School board upholds non-renewal of Riley contract
Published 8:27 pm Wednesday, January 23, 2019
An elementary principal fighting to keep her job lost her case Tuesday when the Brookhaven School District Board of Trustees voted unanimously to uphold the superintendent’s recommendation for non-renewal of her contract.
After an hour and five minutes in executive session, the five board members discussed the information dissected from seven days of hearings since May 1 and 50 hours of testimony to rule in favor of Superintendent Ray Carlock who did not renew former Brookhaven Elementary School Principal Shelley Riley’s contract.
Trustees were given transcripts of the hearings — which filled a large binder — in December and heard 15 minutes of summary arguments from each side Tuesday night before meeting behind closed doors to make their decision.
It all came down to Riley’s claims that in 2017 she escorted a special needs student away from the bus area to keep him from harming himself. Carlock said she dragged the student by his backpack.
Riley said she also took a video of an autistic student tearing papers from a hallway wall to garner support from Carlock to get the child an assistant to accompany him through the day. Carlock claims she took the video and did nothing to help the child during a “meltdown.”
Carlock recommended the school board decline to renew her contract — he issued a letter of non-renewal to Riley in March 2018 — saying Riley built a yearlong history of unprofessional behavior and failed to follow district policy regarding management of special-needs students.
While the hearings were held during business hours over the course of eight months, the final arguments were scheduled during the first board meeting of the year, which was Tuesday night. The board took just eight minutes to get through its regular business then proceeded to arguments from Riley and her attorney Lisa Ross and the board’s attorney, Bob Allen.
Because Allen represented Carlock in the hearings, the board hired attorney John Hooks of Jackson as legal consult for the meeting. Hooks said the final arguments would be held in an open meeting, but warned that if the character or reputation of another employee or references to students were made, the board would need to go executive session.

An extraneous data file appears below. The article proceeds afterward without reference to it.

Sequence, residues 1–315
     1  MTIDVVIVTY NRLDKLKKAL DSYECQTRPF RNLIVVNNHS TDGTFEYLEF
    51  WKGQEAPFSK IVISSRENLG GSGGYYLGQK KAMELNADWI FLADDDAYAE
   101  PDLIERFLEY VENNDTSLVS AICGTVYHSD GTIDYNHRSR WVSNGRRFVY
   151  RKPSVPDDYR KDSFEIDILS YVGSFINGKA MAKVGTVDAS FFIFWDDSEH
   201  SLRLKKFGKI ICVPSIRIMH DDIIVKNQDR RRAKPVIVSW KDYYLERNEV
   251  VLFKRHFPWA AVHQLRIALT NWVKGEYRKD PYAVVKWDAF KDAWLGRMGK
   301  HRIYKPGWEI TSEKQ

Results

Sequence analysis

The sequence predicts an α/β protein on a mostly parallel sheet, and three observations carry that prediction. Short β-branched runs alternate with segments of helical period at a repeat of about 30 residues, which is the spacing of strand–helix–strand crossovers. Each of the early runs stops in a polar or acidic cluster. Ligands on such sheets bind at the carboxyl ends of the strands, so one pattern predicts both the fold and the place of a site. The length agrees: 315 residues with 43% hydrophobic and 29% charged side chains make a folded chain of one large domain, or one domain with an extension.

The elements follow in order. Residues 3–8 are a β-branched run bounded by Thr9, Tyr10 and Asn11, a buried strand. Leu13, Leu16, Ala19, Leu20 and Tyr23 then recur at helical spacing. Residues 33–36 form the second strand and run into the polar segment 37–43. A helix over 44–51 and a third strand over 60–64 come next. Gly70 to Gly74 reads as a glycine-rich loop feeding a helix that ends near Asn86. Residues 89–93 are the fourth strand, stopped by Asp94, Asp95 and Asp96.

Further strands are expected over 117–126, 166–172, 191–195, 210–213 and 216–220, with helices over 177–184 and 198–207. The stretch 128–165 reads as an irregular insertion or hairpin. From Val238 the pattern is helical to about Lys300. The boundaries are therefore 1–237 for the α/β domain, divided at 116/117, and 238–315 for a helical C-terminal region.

Board member Erin Smith kept time on her cell phone, starting the 15-minute timer when Riley’s side began their summary argument.
Riley spoke on her own behalf first, with her attorney standing with her, and told the board it was not her intention for the situation to stretch into an eight-month ordeal.
“Once false allegations were made against me I had no choice but to defend my character, my reputation and my integrity,” she said. “Some friends and colleagues have suggested that the decision about my career was already made before the first hearing ever took place. I refused to believe this. Instead, I believe that this board has the integrity to have read and studied the testimony and facts presented in this case. They are irrefutable and I pray that each of you will consider all of the information. The overwhelming testimony shows that there is only one ethical decision to be made.”
Riley said she followed local and state policies when she “escorted a frantic student to the bus by his backpack.”
She questioned why written statements and testimony changed in the course of the hearings and why none of the testimony of the witnesses matched. She asked why the dragging offense wasn’t reported to the Mississippi Department of Education or the Department of Human Services when it occurred. She said instead, her reprimand was removed from her personnel file and she was given a “substantial” raise.
She asked the board to picture the accusation that Carlock had made.
“It is not possible to pull someone on their knees by the loop of their backpack,” she said.
Riley addressed the other incident involving her recording a student in the middle of a tantrum, saying it was an effort to show Carlock proof the student needed an assistant throughout the day.